The original image from Pixabay, courtesy of Pexels.

The final results from running this image were:

Prompt: –fast –iw 1.0 –cleanportrait

(I had to specify the image weight because –cleanportrait has tags to remove long necks, eyewear, and extra noses)

As you can see, it doesn’t really replicate the image, though it has gleaned many features from it. You often wind up with nonsensical anatomy and assembly because the image prompt is not aware of these things and does not provide enough information to the AI or provides conflicting information. Similarly, without getting explicit directions, it’s guessing which parts of the image I want to replicate, and has successfully taken the woman and low saturation of the image in most of the variations, but has omitted the plants when it does so.

I won’t be feeding an image to future prompts as I work through, but I will use this image’s Pixabay description as a base for the future prompts.

Implications of Images in Prompt and Output

One thing that I should point out here is that you should probably be careful with how you use images. I’ve used them in prompts to “arrange” the scene by providing simple outlines when working with non-portraits, and a public domain photo with a good color profile or other desirable features can lend a lot to your output.

However, there are legal questions for using works you don’t own the rights to. My gut is that Midjourney generates sufficiently legally distinct output that you don’t need to worry about this, but I think you could still run into serious copyright issues from uploading an image for it to use. I’d always stick to stuff that I have the rights to use, specifically either public domain or self-made content.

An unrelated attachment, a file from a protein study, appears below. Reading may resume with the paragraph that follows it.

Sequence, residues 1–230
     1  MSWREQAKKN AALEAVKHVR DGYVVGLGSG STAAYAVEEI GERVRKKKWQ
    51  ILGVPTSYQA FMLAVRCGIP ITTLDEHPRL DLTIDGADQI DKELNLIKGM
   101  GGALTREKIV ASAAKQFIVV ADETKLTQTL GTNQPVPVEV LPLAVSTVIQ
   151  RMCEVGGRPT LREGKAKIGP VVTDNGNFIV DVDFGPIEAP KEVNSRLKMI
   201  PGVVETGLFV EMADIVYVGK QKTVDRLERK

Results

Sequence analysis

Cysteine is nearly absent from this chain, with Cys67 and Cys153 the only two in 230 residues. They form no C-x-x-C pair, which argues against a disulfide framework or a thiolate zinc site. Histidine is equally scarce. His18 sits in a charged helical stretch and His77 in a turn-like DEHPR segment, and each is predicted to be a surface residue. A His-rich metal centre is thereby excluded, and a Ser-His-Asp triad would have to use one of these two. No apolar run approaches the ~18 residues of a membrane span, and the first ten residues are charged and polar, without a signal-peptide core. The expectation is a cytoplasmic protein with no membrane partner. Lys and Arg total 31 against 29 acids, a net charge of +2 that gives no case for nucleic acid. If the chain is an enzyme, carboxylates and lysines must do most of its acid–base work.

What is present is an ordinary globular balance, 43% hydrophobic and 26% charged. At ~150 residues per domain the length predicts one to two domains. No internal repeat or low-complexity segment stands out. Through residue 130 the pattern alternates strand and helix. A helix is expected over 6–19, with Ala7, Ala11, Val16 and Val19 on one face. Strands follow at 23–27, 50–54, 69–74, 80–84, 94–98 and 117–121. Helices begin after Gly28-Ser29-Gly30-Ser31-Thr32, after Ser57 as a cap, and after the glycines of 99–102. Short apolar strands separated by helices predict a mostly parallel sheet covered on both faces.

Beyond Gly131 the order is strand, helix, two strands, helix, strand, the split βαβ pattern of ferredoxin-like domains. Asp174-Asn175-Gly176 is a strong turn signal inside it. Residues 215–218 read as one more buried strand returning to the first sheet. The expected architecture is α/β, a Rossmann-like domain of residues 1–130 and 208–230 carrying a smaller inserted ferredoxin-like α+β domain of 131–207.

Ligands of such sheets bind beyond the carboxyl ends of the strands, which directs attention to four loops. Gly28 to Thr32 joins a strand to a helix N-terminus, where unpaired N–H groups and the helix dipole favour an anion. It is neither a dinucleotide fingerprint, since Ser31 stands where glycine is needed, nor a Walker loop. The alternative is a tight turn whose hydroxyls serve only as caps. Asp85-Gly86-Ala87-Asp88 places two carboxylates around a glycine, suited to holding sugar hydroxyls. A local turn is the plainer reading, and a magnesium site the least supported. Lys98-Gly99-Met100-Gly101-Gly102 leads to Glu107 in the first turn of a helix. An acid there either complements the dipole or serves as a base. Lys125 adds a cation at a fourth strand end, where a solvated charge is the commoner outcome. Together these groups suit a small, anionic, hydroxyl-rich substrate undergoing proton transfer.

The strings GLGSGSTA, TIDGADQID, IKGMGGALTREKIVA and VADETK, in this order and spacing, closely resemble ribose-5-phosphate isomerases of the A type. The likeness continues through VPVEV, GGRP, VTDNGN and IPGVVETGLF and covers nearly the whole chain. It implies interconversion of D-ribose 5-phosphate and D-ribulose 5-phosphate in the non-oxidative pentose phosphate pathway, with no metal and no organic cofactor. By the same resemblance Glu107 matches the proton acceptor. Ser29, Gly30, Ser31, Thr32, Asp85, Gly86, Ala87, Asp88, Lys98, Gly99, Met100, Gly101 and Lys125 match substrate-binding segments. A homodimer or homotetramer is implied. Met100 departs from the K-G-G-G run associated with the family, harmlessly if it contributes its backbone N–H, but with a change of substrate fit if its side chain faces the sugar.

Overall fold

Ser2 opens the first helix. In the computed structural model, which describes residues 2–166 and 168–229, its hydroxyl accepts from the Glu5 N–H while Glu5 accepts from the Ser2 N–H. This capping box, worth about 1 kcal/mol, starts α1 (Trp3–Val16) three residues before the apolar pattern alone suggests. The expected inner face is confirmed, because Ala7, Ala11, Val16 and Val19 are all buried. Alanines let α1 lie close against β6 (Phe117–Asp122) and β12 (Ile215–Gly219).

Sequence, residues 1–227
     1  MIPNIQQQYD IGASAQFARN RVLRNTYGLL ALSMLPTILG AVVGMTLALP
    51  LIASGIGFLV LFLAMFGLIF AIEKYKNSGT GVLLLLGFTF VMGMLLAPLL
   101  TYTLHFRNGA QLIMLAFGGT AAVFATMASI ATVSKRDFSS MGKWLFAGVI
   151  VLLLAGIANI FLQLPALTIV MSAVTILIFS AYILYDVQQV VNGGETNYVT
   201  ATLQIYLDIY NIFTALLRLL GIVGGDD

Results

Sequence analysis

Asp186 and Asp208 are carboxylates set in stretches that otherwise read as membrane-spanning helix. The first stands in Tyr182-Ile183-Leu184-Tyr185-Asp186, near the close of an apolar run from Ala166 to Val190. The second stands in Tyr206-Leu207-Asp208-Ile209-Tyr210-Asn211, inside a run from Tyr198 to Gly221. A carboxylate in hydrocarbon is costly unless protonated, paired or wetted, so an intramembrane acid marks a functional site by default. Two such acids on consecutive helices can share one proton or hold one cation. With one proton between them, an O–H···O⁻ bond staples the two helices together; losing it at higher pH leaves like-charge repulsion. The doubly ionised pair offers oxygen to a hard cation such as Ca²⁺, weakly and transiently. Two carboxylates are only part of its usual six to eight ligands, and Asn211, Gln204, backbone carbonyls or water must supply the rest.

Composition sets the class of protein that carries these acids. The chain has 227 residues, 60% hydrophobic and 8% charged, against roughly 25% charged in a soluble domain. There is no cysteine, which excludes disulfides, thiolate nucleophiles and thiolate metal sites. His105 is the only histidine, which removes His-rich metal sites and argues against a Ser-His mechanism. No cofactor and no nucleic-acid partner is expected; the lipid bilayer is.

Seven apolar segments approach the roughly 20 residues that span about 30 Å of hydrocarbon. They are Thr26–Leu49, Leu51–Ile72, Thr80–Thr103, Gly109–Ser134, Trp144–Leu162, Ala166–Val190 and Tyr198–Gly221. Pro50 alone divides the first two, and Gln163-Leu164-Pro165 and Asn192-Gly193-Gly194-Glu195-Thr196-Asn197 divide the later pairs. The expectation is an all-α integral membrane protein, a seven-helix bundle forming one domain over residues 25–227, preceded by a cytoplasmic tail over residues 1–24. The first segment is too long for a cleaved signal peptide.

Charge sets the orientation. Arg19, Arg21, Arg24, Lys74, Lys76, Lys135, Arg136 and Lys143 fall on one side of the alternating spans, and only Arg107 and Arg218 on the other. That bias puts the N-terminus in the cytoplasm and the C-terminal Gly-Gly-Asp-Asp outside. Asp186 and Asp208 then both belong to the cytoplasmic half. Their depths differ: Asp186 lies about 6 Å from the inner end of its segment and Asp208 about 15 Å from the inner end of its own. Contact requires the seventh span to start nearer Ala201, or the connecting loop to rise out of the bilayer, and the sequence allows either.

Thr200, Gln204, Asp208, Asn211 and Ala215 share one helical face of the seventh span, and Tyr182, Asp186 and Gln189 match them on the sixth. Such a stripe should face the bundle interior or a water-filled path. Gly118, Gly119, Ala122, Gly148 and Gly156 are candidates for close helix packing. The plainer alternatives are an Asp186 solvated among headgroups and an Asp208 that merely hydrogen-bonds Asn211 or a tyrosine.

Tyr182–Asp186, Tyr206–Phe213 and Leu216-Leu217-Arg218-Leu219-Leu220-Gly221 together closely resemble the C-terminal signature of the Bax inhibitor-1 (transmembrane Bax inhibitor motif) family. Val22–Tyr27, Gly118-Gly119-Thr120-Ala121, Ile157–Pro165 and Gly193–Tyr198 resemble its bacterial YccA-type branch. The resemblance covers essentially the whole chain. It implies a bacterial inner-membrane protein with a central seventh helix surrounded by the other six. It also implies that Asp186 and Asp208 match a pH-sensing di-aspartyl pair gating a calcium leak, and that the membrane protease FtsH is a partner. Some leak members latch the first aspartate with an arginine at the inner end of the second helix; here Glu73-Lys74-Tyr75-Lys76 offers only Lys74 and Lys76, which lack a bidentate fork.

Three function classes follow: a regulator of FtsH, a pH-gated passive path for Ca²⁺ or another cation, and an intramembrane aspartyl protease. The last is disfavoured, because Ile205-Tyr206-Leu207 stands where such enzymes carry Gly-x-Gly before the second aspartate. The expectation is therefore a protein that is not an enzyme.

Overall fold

Step 1: Subject Influences in Prompt and Output

The obvious thing that you will want to think about when making a portrait is the subject. This is fairly simple.

Simply saying portrait or character portrait should get you an image of a person, though there are likely to be significant issues with the final output because less detail in a prompt leads to more noise.

Adding details, like specifying hair color, clothing, or other distinguishing features means, usually, less noise. Be aware that less detailed additions mean less detailed improvements, and will reduce the beneficial impacts on noise.

One thing you could do is add negative weights for undesirable features. For instance, adding nose::-0.9 tends to fix the Midjourney nose over-rendering issues and give more “realistic” noses. Although it’s less granular, adding the –no [content] argument to the end of a prompt will give a similar result. The –no argument uses a weight of -0.5, so it is slightly less effective, but can be part of an existing preference that can be applied to future renders in a single command.